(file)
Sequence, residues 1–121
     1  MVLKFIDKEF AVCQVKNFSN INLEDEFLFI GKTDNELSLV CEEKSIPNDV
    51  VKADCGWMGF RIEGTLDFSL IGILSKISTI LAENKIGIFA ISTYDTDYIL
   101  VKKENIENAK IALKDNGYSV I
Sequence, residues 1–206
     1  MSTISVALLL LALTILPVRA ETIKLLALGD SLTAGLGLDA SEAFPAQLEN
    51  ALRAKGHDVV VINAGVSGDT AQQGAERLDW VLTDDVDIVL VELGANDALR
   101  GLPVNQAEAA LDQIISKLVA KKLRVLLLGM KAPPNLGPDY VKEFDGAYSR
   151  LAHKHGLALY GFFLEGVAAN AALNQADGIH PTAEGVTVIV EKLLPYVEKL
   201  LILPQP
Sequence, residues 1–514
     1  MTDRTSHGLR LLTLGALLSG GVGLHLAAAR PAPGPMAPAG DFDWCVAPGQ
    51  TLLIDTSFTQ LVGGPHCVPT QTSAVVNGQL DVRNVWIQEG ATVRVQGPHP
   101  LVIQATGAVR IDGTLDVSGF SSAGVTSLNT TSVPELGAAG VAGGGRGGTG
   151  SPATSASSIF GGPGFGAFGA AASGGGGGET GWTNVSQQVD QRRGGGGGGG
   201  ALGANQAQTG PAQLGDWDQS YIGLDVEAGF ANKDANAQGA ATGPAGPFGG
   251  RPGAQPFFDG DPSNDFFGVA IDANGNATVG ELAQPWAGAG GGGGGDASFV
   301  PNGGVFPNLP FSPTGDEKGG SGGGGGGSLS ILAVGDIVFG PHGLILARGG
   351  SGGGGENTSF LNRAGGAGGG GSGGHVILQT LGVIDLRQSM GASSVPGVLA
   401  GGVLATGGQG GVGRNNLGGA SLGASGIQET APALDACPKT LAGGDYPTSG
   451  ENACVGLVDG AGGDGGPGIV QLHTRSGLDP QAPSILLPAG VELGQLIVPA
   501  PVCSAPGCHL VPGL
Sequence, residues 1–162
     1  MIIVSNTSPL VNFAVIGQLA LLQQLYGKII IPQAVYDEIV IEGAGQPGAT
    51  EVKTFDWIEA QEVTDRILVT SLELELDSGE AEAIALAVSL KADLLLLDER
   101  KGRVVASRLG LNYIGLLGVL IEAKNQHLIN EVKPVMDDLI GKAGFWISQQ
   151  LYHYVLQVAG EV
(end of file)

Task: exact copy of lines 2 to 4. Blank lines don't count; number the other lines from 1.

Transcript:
     1  MVLKFIDKEF AVCQVKNFSN INLEDEFLFI GKTDNELSLV CEEKSIPNDV
    51  VKADCGWMGF RIEGTLDFSL IGILSKISTI LAENKIGIFA ISTYDTDYIL
   101  VKKENIENAK IALKDNGYSV I